The most common complication after a tonsilectomy is the rare possibility of serious bleeding either immediately following the surgery or between post-op days 5 thru 7. In order to ensure we were available to nurse our 4yr old daughter back to health and closely monitor her recovery, my wife and I scheduled the surgery over our Christmas vacation.
A significant part of the monitoring process is determining the patient's pain level...which is quite difficult when dealing with a little girl who inherited her mother's stoicism. One of the ways we were able to accurately guage her level of pain was to utilize a method similar to the one used by nurses, physicians and physician's assistants at the hospital known as the Wong-Baker Pain Rating Scale. Upon any visit, they show a series of faces displaying a range of emotion from sad to happy(see below) and are asked to.point out which face represents the way they feel.
After observing that Catherine was having difficulty swallowing while telling us that she felt "just fine!" we decided to break out a large tablet and crayons to draw together. After getting a few designs, ducks, dogs and sunsets under our belt, I suggested that we draw ourselves. The result was interesting but not surprising. What our daughter drew at that moment and each day following was a more "honest" representation of how well her medicine was working than her strictly verbal response to our asking.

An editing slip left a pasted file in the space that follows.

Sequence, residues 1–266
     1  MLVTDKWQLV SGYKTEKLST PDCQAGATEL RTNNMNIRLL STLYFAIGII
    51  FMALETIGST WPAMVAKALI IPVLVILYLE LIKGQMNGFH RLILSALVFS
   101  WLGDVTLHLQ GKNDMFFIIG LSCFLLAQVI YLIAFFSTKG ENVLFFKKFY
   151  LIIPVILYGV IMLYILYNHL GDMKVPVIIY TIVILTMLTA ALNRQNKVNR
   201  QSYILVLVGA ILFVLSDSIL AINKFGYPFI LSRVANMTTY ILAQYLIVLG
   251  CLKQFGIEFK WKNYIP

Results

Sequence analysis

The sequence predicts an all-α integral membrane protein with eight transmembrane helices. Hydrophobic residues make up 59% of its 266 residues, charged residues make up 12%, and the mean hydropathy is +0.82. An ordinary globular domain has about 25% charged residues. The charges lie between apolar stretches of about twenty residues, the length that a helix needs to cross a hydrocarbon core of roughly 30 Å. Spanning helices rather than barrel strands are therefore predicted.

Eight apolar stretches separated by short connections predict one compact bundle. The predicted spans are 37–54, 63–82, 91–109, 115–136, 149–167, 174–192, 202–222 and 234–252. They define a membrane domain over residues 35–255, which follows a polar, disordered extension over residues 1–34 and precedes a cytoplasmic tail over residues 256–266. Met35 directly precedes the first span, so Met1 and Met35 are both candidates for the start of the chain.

Although some people are excellent judges of character and possess an intuition that is remarkable...these traits and skill sets are not without bias and fallible at best. Self evaluations and inter-company surveys promising anonymity may offer some insight as to the satisfaction level of an organization's employees. However, nothing removes the pressure of expectation and discomfort of confrontation as much as what I call "dissociative diagnostics"... similar to "Play Therapy" which facilitates communication for children by modest dissociation.
According to the psychodynamic view, people (especially children) will engage in play behavior/therapy in order to work through their interior obfuscations and anxieties. Because professional adults are more calculating than children and are more likely to know when they are being "diagnosed" or "tested", drawing pictures or playing with dolls is not going to create a great enough dissociation from themselves.
I propose that one may obtain a more accurate account of an employee's opinions, concerns and overall satisfaction if they can be drawn into some degree of projection through an evaluation exercise in which they are asked to evaluate an outside organization whose operations closely mirror their own. The disclosed pretense for such an experiment may yield an ancillary benefit almost as valuable as that of the primary purpose through the actual identification of key procedures and/or practices within the evaluated organization that may be adopted or avoided by their own.
Just as it is important for children to be allotted time for "free play" or "unstructured play" when this therapy is used as a self-help mechanism, so too would the expected and/or conventional evaluation methods need to be employed if a version of this therapy is expected to be effective in breaking down barriers with professional adults. Meeting a subject's environmental expectations is imperative in affording them the ability to suspend suspicion of being the experimental group.